Under Article 18 of the 1969 Vienna Convention on the Law of Treaties, states that have signed or ratified a treaty are supposed to refrain from acts which might defeat the object and purpose of the treaty pending its entry into force. After noting that international lawyers and academics have recognized various types of treaties, the Article begins by observing that traditionally the interim obligation operates well in contractual situations but not in normative situations. Furthermore, the Author argues that where treaties are normative, the traditional conception of the interim obligation is insufficient.
While the interim obligation has been recognized in various international legal systems, it remains unclear how to determine whether the interim obligation is being violated. Several tests have been proposed, including evaluations of the subjective intent of the alleged infringing party and the legitimate expectations of the aggrieved party. The Author contends that none of the existing tests is adequate. Rather, he proposes the possibility of a "manifest intent" test. The manifest intent test has the advantage of being relatively objective, avoiding the pitfalls associated with more subjective tests. In addition, the manifest intent test is more appropriate in normative, non-contractual situations. The Author finds support for this test in the preparatory works for Article 18, as well as in both judicial practice and scholarly works.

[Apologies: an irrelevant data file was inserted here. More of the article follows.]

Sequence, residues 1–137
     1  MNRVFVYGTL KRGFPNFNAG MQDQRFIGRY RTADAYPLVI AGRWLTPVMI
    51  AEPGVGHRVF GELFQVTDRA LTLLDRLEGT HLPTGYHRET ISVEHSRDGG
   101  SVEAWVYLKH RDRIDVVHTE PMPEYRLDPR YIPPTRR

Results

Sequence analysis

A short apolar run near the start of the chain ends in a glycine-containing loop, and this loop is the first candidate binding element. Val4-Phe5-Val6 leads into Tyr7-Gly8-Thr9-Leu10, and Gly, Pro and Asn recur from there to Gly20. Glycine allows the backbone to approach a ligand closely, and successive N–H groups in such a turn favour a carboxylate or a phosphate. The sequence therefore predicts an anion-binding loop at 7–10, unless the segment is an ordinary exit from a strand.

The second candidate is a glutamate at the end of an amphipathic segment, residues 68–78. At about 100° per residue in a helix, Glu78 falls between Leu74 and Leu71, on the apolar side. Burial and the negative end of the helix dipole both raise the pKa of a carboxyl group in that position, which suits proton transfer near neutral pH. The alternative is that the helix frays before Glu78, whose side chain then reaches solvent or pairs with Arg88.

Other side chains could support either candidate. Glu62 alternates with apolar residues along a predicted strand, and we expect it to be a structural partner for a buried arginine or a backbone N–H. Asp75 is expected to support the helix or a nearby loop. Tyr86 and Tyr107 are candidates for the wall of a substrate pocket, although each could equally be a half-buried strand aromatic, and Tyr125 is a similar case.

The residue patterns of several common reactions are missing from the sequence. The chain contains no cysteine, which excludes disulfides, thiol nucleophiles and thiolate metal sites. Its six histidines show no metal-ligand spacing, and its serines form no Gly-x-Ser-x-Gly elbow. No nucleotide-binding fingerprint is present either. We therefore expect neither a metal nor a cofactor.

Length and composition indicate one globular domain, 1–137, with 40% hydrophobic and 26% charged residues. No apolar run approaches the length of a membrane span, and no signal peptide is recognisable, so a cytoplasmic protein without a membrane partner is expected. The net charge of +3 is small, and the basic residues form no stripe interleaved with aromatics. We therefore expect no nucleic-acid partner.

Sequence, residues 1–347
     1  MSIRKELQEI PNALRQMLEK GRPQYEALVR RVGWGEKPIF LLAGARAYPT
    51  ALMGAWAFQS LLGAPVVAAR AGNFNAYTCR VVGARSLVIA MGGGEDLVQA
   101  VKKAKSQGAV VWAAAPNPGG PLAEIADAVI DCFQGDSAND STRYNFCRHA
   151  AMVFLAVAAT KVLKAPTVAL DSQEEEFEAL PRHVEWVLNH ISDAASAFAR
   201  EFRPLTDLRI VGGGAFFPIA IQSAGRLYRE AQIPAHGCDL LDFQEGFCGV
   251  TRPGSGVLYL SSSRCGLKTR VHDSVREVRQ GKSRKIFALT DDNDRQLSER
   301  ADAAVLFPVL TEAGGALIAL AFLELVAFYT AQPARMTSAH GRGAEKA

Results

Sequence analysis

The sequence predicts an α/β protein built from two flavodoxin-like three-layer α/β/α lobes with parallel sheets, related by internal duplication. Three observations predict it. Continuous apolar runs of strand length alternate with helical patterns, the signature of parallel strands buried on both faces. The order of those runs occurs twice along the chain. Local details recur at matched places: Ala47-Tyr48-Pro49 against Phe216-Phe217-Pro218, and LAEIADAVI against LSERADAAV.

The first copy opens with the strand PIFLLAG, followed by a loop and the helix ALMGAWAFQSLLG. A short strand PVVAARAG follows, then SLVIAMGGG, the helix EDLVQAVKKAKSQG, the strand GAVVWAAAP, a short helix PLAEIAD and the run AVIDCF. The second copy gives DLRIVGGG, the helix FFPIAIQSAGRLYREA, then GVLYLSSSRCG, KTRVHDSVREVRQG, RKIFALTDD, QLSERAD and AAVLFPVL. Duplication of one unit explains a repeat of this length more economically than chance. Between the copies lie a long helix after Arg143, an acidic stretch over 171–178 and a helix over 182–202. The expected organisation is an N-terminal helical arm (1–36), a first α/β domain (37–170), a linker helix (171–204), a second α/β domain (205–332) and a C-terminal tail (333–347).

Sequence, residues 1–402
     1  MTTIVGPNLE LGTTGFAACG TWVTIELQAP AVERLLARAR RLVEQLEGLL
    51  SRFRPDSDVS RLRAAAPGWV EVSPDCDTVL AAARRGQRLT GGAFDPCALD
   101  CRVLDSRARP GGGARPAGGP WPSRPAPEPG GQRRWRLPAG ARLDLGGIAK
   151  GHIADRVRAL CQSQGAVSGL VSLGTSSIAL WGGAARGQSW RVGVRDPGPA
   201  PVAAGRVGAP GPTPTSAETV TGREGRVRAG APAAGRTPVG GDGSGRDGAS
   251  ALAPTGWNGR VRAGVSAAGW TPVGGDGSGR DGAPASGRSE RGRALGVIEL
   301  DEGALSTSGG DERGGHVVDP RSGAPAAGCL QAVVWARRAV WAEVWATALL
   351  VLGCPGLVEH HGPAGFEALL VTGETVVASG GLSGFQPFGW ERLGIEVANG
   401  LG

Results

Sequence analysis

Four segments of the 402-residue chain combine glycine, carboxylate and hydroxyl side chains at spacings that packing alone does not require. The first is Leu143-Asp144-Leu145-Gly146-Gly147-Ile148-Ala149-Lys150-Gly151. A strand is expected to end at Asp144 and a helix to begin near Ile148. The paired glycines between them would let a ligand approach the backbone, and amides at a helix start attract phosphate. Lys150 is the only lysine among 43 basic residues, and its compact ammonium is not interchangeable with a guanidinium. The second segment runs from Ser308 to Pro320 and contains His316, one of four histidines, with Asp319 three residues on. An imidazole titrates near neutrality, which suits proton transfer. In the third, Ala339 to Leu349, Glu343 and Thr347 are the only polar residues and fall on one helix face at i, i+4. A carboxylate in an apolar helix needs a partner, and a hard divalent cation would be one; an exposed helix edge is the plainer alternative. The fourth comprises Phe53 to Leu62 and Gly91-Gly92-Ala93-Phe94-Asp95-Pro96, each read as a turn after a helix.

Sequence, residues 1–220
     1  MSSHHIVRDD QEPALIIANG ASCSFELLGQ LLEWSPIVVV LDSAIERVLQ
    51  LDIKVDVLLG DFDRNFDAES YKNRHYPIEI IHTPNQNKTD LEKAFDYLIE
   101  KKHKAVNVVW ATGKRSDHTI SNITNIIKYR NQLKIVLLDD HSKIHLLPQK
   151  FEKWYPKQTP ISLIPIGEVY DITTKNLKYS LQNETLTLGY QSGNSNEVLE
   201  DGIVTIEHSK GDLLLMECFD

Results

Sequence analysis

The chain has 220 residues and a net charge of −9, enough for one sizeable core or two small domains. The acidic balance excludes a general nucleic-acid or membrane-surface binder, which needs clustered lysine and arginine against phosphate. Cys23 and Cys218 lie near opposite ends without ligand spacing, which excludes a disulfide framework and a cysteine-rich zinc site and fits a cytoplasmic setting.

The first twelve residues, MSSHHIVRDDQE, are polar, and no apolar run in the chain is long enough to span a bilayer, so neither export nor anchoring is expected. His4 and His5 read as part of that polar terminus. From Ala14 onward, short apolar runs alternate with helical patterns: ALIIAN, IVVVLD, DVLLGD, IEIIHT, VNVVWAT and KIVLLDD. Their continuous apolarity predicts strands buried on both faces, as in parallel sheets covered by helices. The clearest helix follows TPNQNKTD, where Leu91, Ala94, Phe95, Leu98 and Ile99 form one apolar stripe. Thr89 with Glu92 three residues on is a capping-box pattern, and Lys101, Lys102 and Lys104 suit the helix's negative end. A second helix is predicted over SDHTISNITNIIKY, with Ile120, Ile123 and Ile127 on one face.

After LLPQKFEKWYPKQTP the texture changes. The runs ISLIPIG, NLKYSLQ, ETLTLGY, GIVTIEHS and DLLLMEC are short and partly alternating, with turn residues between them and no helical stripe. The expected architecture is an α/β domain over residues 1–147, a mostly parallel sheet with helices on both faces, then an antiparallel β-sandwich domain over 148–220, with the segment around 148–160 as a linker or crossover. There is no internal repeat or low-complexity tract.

How to Defeat a Treaty's Object and Purpose Pending Entry into Force: Toward Manifest Intent,
34 Vanderbilt Law Review
Available at: https://scholarship.law.vanderbilt.edu/vjtl/vol34/iss2/2